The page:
Wednesday, September 29, 2010

1914 Detroit Priscilla - Electric Car

The 1914 Detroit Priscilla Electric car, a very cute and successful electric car for its time.
These cool electric cars were made from 1907 to 1938  by the Anderson electric company and was powered by a rechargeable Edison storage battery which was rechargeable, which were both lighter than lead acid batteries and long lasting.

The car was marketed towards women and doctors of the day and with good reason. This was a great vehicle that didn't require to started by  hand crank and the driver did not need to master choking skills either.

This car was produced during the companies peak in the 1910s. In fact the car was so popular that the name of the company was changed to the Detroit electric company.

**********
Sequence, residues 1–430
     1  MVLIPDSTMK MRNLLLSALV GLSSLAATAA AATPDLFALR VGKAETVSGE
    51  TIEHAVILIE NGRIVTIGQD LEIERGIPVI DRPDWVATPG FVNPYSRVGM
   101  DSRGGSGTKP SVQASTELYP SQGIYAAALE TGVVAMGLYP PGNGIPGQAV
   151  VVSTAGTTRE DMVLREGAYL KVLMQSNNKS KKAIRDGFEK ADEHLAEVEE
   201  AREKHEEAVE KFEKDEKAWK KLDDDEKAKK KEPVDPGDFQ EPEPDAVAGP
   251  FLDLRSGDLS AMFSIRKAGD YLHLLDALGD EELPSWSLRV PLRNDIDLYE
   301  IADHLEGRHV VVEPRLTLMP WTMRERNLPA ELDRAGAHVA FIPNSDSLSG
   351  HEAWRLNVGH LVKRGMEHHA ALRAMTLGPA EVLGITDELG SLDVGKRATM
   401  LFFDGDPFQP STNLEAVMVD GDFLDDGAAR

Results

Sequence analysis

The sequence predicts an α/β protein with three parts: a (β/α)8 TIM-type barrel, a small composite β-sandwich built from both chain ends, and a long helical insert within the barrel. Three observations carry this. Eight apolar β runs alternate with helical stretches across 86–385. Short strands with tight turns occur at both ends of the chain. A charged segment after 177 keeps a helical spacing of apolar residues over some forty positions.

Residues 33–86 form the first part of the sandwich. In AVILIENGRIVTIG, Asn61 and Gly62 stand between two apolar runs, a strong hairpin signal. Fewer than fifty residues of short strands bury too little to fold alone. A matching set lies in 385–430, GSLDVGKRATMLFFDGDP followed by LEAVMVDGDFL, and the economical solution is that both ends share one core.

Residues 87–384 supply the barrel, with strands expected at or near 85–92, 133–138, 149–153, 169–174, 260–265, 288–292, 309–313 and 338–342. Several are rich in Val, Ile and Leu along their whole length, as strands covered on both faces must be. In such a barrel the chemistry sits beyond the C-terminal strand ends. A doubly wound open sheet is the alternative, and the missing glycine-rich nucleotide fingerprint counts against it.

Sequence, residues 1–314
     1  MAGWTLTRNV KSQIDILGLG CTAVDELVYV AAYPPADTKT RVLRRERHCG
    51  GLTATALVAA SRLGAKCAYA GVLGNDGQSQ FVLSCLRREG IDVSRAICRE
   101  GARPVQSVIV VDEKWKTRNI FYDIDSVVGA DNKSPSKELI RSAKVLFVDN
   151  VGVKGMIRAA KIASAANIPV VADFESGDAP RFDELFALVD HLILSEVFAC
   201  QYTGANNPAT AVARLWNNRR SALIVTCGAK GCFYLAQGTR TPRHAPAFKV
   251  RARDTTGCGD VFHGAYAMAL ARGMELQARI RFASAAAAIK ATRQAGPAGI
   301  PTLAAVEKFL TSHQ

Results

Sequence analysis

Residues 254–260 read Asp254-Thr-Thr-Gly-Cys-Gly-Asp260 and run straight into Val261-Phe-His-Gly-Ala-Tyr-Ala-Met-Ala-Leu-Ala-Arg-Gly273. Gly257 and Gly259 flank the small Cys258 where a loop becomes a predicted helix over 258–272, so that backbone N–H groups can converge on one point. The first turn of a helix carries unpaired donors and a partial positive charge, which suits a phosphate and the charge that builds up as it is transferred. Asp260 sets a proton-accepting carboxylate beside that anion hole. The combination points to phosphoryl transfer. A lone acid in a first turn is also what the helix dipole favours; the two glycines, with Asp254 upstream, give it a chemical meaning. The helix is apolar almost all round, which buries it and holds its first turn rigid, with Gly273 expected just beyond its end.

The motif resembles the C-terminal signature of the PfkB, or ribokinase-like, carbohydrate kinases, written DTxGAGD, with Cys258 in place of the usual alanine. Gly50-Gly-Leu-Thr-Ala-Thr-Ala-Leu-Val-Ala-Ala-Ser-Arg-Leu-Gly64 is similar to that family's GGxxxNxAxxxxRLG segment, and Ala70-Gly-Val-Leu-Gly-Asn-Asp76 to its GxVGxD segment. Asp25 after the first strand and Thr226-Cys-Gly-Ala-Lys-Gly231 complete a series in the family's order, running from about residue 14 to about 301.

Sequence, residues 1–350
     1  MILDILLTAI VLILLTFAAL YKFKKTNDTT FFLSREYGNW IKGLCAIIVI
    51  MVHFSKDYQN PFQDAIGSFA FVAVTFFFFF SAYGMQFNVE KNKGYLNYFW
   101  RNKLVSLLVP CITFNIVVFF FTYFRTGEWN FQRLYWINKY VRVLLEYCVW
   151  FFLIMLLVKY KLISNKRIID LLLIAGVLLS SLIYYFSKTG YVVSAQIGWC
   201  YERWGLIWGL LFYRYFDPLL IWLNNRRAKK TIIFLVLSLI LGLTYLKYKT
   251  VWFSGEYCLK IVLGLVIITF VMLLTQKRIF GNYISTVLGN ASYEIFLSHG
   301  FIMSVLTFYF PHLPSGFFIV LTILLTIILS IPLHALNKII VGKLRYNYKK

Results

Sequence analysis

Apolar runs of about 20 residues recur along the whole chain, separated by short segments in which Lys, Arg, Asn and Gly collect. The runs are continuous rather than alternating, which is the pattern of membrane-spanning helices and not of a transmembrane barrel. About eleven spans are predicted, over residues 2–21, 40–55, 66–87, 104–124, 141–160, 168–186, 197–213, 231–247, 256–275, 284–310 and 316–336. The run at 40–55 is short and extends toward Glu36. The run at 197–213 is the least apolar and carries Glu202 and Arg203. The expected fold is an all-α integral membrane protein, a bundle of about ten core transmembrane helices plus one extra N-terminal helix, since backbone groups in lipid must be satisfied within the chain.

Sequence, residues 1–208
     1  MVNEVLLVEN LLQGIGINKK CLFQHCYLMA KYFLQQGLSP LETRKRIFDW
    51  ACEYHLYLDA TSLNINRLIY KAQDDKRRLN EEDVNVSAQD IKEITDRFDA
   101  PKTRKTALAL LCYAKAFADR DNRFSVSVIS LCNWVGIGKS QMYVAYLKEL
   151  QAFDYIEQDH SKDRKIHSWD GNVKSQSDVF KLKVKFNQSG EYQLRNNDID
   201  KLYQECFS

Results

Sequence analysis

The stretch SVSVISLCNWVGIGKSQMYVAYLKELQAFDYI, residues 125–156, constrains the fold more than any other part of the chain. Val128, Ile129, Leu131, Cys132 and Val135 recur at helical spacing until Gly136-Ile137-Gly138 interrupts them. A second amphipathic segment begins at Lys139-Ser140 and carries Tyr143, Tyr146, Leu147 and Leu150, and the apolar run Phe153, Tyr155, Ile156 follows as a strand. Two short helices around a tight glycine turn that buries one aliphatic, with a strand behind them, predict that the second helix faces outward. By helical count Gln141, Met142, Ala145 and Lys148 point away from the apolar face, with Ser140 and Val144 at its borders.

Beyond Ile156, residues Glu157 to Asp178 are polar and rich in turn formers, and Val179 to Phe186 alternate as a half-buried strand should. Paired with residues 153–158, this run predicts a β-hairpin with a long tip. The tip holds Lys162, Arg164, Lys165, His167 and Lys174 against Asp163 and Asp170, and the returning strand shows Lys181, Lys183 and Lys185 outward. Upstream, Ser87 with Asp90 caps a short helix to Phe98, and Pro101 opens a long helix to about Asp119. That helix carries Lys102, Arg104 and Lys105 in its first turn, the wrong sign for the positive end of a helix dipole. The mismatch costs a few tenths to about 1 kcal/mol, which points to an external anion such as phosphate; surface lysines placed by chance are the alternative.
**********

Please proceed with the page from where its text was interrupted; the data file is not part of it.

The beauty of the Detroit Priscilla's china cabinet like body is one of the things that it is known for. The car also featured a flower vase and lantern shaped headlights which I really like.

This is known as one of the most successful electric cars of its time. Its top speed was about 20 mph and it was advertised to get at least 80 miles on a single charge. It's slogan was: " ... it will take you anywhere that an automobile may go with a mileage radius farther than you will ever care to travel in a day."

Unfortunately things for the gasoline powered car improved and with these improvements the electric car became obsolete. The Detroit electric company while filing for bankruptcy in 1929 actually made it through the depression years but closed up shop for good in 1938.